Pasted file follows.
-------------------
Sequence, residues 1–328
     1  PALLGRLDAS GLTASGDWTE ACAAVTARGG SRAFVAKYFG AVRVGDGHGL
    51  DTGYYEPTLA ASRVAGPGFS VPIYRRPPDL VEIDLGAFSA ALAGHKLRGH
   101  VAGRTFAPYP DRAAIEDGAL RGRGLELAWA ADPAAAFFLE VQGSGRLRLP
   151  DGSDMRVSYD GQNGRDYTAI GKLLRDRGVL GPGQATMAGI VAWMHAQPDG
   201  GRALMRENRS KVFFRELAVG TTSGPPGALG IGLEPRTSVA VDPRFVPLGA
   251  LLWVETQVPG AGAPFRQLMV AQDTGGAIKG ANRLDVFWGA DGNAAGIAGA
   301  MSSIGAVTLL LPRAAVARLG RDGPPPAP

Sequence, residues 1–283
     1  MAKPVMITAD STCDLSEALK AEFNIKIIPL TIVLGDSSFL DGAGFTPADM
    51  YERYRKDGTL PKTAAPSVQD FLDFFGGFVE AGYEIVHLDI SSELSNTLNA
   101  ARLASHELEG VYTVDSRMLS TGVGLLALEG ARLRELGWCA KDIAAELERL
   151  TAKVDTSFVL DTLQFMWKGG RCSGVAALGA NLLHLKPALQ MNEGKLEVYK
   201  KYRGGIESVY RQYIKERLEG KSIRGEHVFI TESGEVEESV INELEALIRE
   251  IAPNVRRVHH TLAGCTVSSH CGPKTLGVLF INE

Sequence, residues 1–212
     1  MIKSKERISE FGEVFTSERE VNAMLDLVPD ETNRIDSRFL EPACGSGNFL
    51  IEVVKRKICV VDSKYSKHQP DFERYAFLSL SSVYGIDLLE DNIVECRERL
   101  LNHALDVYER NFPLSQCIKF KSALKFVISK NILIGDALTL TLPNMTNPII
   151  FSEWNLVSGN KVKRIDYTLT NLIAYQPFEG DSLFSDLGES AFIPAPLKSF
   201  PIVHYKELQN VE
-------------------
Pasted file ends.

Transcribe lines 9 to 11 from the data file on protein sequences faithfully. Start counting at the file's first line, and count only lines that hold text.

Sequence, residues 1–283
     1  MAKPVMITAD STCDLSEALK AEFNIKIIPL TIVLGDSSFL DGAGFTPADM
    51  YERYRKDGTL PKTAAPSVQD FLDFFGGFVE AGYEIVHLDI SSELSNTLNA